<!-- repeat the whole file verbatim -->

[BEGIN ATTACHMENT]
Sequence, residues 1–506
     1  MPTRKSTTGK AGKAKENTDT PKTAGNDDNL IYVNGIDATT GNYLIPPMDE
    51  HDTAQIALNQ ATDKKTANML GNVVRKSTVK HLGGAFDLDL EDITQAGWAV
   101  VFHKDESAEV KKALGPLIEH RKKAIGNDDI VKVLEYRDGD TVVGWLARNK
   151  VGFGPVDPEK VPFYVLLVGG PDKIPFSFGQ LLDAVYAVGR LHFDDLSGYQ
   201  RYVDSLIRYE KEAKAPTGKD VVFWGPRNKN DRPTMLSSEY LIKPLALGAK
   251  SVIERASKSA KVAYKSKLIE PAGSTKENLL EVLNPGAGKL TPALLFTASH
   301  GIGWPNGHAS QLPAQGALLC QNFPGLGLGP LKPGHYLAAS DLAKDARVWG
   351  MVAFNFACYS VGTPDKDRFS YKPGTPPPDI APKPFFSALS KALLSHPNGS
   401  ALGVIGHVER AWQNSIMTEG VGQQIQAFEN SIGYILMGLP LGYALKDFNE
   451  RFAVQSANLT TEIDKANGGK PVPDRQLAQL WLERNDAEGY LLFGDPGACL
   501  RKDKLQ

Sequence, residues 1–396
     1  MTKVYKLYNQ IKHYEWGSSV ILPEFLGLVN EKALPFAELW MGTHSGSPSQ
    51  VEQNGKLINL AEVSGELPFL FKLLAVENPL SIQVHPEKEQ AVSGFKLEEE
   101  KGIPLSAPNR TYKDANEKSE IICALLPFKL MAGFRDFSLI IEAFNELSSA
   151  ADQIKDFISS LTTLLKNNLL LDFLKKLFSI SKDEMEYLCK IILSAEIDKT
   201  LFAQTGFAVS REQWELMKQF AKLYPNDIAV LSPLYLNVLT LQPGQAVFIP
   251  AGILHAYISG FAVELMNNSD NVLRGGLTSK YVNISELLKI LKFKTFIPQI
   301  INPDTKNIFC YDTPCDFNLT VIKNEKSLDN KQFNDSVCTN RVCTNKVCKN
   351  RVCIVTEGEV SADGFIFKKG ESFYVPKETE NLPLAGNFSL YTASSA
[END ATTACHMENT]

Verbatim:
Sequence, residues 1–506
     1  MPTRKSTTGK AGKAKENTDT PKTAGNDDNL IYVNGIDATT GNYLIPPMDE
    51  HDTAQIALNQ ATDKKTANML GNVVRKSTVK HLGGAFDLDL EDITQAGWAV
   101  VFHKDESAEV KKALGPLIEH RKKAIGNDDI VKVLEYRDGD TVVGWLARNK
   151  VGFGPVDPEK VPFYVLLVGG PDKIPFSFGQ LLDAVYAVGR LHFDDLSGYQ
   201  RYVDSLIRYE KEAKAPTGKD VVFWGPRNKN DRPTMLSSEY LIKPLALGAK
   251  SVIERASKSA KVAYKSKLIE PAGSTKENLL EVLNPGAGKL TPALLFTASH
   301  GIGWPNGHAS QLPAQGALLC QNFPGLGLGP LKPGHYLAAS DLAKDARVWG
   351  MVAFNFACYS VGTPDKDRFS YKPGTPPPDI APKPFFSALS KALLSHPNGS
   401  ALGVIGHVER AWQNSIMTEG VGQQIQAFEN SIGYILMGLP LGYALKDFNE
   451  RFAVQSANLT TEIDKANGGK PVPDRQLAQL WLERNDAEGY LLFGDPGACL
   501  RKDKLQ

Sequence, residues 1–396
     1  MTKVYKLYNQ IKHYEWGSSV ILPEFLGLVN EKALPFAELW MGTHSGSPSQ
    51  VEQNGKLINL AEVSGELPFL FKLLAVENPL SIQVHPEKEQ AVSGFKLEEE
   101  KGIPLSAPNR TYKDANEKSE IICALLPFKL MAGFRDFSLI IEAFNELSSA
   151  ADQIKDFISS LTTLLKNNLL LDFLKKLFSI SKDEMEYLCK IILSAEIDKT
   201  LFAQTGFAVS REQWELMKQF AKLYPNDIAV LSPLYLNVLT LQPGQAVFIP
   251  AGILHAYISG FAVELMNNSD NVLRGGLTSK YVNISELLKI LKFKTFIPQI
   301  INPDTKNIFC YDTPCDFNLT VIKNEKSLDN KQFNDSVCTN RVCTNKVCKN
   351  RVCIVTEGEV SADGFIFKKG ESFYVPKETE NLPLAGNFSL YTASSA